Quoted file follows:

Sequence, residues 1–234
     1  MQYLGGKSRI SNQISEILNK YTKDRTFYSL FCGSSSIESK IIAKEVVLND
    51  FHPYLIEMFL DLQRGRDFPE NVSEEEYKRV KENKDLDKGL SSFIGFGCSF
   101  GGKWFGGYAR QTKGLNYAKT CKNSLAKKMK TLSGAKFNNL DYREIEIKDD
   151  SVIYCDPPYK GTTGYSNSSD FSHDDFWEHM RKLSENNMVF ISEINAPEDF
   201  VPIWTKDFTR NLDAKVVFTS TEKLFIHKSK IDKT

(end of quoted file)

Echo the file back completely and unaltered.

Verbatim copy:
Sequence, residues 1–234
     1  MQYLGGKSRI SNQISEILNK YTKDRTFYSL FCGSSSIESK IIAKEVVLND
    51  FHPYLIEMFL DLQRGRDFPE NVSEEEYKRV KENKDLDKGL SSFIGFGCSF
   101  GGKWFGGYAR QTKGLNYAKT CKNSLAKKMK TLSGAKFNNL DYREIEIKDD
   151  SVIYCDPPYK GTTGYSNSSD FSHDDFWEHM RKLSENNMVF ISEINAPEDF
   201  VPIWTKDFTR NLDAKVVFTS TEKLFIHKSK IDKT